Take the 2-minute tour ×
Stack Overflow is a question and answer site for professional and enthusiast programmers. It's 100% free, no registration required.

If I start a process via Java's ProcessBuilder class, I have full access to that process's standard in, standard out, and standard error streams as Java InputStreams and OutputStreams. However, I can't find a way to seamlessly connect those streams to System.in, System.out, and System.err.

It's possible to use redirectErrorStream() to get a single InputStream that contains the subprocess's standard out and standard error, and just loop through that and send it through my standard out—but I can't find a way to do that and let the user type into the process, as he or she could if I used the C system() call.

This appears to be possible in Java SE 7 when it comes out—I'm just wondering if there's a workaround now. Bonus points if the result of isatty() in the child process carries through the redirection.

share|improve this question
    
Sorry I can't help. –  jjnguy Sep 13 '08 at 4:33
    
No problem. (I wasn't the one who downvoted you, by the way.) –  John Calsbeek Sep 13 '08 at 4:35
    
Heh, well, thanks to the guy that un-down-voted me. And thank you, John for not downvoting me. –  jjnguy Sep 13 '08 at 4:37
    
Good feelings all around! –  John Calsbeek Sep 13 '08 at 4:39
    
Excellent - I was just looking for how to do this as well. yay for Stackoverflow :) –  Mark Derricutt Feb 6 '09 at 3:42

3 Answers 3

up vote 15 down vote accepted

You will need to copy the Process out, err, and input streams to the System versions. The easiest way to do that is using the IOUtils class from the Commons IO package. The copy method looks to be what you need. The copy method invocations will need to be in separate threads.

Here is the basic code:

// Assume you already have a processBuilder all configured and ready to go
final Process process = processBuilder.start();
new Thread(new Runnable() {public void run() {
  IOUtils.copy(process.getOutputStream(), System.out);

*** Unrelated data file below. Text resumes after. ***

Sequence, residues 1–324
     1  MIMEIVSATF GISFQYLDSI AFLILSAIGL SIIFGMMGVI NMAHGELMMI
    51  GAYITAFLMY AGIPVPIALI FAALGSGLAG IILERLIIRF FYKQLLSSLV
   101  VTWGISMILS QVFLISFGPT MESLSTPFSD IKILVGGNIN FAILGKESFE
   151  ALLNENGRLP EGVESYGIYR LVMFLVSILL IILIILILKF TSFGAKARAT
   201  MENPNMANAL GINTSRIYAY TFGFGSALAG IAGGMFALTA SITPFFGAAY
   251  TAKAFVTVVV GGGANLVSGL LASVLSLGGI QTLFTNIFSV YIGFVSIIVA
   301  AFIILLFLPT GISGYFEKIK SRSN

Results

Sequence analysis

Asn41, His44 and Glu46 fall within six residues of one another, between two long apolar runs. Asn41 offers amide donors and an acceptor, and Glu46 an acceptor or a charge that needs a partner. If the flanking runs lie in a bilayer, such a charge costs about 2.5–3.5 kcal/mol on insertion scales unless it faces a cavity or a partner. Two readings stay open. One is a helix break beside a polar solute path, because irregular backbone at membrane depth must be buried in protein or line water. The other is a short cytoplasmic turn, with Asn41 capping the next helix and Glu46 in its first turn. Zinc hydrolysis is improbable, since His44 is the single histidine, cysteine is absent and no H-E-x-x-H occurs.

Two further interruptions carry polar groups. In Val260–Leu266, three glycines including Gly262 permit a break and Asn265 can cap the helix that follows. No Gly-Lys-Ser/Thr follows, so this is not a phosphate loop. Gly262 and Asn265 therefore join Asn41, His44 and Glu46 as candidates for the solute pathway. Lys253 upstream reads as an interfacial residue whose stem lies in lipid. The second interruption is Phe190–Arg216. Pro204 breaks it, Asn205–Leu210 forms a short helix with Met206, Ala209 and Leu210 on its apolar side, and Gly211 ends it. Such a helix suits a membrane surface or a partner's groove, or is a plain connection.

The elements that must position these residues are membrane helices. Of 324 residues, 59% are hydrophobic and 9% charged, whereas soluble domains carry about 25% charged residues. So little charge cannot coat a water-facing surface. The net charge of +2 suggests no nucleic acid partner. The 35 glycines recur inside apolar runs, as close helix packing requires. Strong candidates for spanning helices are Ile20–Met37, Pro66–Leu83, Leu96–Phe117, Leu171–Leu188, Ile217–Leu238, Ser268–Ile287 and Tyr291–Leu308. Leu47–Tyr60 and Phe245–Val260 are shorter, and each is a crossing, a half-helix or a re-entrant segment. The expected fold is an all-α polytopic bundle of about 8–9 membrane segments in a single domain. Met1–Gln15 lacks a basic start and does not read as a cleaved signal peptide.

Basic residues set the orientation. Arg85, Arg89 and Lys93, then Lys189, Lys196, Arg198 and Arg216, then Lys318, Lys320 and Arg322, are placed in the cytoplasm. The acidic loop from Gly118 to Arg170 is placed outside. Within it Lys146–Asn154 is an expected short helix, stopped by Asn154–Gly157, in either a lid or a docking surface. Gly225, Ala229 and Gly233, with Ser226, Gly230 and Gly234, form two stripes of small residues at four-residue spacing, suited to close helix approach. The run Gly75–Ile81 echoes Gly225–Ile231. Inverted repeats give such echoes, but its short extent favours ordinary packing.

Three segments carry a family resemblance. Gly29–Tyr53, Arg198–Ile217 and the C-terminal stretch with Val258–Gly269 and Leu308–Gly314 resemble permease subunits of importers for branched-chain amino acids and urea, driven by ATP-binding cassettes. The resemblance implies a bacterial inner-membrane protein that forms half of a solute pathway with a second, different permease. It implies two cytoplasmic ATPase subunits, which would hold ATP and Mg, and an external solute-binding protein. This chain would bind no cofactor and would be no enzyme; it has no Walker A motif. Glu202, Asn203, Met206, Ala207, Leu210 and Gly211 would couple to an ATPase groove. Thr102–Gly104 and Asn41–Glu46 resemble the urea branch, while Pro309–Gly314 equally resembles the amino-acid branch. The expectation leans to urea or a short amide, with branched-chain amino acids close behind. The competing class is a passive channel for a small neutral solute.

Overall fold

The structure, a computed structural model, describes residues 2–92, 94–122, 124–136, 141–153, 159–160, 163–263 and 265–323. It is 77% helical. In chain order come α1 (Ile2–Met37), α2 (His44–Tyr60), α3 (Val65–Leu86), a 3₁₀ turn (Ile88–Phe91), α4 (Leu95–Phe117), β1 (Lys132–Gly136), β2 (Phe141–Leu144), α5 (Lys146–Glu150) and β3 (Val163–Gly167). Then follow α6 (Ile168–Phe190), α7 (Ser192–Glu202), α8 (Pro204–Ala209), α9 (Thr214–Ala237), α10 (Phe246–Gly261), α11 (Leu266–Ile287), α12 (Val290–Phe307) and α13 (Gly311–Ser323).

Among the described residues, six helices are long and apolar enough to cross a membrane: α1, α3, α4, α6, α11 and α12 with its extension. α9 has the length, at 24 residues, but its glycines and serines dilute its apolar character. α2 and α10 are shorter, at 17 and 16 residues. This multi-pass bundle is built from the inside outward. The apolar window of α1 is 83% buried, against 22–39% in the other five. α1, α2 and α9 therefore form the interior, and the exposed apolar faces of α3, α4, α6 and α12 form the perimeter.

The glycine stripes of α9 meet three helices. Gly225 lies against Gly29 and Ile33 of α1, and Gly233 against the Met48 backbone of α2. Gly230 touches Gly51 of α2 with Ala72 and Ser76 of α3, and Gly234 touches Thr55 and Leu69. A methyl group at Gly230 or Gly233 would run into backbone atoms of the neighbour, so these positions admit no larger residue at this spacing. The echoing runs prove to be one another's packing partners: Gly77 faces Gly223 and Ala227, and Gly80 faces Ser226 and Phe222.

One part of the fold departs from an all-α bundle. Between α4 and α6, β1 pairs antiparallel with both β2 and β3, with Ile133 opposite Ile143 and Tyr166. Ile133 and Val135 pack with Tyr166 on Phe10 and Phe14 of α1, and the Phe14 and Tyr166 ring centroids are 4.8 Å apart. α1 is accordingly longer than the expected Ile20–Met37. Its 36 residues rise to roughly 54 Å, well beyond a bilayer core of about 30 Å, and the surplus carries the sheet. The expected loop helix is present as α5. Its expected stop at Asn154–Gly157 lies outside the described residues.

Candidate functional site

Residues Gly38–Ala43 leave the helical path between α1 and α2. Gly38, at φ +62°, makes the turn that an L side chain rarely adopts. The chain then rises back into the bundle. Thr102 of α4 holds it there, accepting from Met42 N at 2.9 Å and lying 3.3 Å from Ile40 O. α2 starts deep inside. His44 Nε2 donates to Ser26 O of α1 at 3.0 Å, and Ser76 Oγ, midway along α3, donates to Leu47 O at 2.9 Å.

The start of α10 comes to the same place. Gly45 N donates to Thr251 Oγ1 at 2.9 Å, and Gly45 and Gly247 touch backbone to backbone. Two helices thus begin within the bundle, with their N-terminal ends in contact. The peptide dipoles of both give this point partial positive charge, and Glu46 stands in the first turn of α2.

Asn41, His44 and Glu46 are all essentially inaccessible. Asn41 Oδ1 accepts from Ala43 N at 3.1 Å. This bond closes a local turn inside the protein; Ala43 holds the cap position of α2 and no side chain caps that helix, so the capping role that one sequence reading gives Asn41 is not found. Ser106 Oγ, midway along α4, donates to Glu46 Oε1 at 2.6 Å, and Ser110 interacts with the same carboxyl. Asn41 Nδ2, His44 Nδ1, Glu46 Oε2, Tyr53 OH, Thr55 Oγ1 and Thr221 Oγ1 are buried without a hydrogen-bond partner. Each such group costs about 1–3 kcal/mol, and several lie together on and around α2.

} } ).start();
new Thread(new Runnable() {public void run() {
  IOUtils.copy(process.getErrorStream(), System.err);
} } ).start();
new Thread(new Runnable() {public void run() {
  IOUtils.copy(System.in, process.getInputStream());
} } ).start();
share|improve this answer
4  
Not quite. IOUtils.copy takes InputStream as it's first argument, so that won't work with getOutputStream. So it is IOUtils.copy(process.getInputStream(), System.out); It's a bit confusing, as getOutputStream actually pipes to input of the process. –  Eelco Oct 15 '09 at 4:03
    
The structure of this looks right, but I also agree that the parameters to IOUtils seems backwords. the process.getInputStream() is what should be piped to stdout (yeah, it sounds backwards). So while the structure of this looks good, the calls to IOUtils look wrong and now have me a bit confused... –  titania424 Apr 7 '11 at 19:52

A variation on John's answer that compiles and doesn't require you to use Commons IO:

private static void pipeOutput(Process process) {
    pipe(process.getErrorStream(), System.err);
    pipe(process.getInputStream(), System.out);
}

private static void pipe(final InputStream src, final PrintStream dest) {
    new Thread(new Runnable() {
        public void run() {
            try {
                byte[] buffer = new byte[1024];
                for (int n = 0; n != -1; n = src.read(buffer)) {
                    dest.write(buffer, 0, n);
                }
            } catch (IOException e) { // just exit
            }
        }
    }).start();
}
share|improve this answer
    
Not answer the question for System.in. –  solotim Dec 18 '09 at 8:41
    
Why does pipe(System.in, process.getOutputStream()); not seem to work? –  adi92 May 27 '10 at 0:00

For System.in use the following pipein() instead of pipe()

pipein(System.in, p.getOutputStream());

Implementation:

private static void pipein(final InputStream src, final OutputStream dest) {

    new Thread(new Runnable() {
        public void run() {
            try {
               int ret = -1;
               while ((ret = System.in.read()) != -1) {
                  dest.write(ret);
                  dest.flush();
               }
            } catch (IOException e) { // just exit
            }
        }
    }).start();

}
share|improve this answer
    
This can't work. –  Grae Feb 28 '13 at 21:58

Your Answer

 
discard

By posting your answer, you agree to the privacy policy and terms of service.

Not the answer you're looking for? Browse other questions tagged or ask your own question.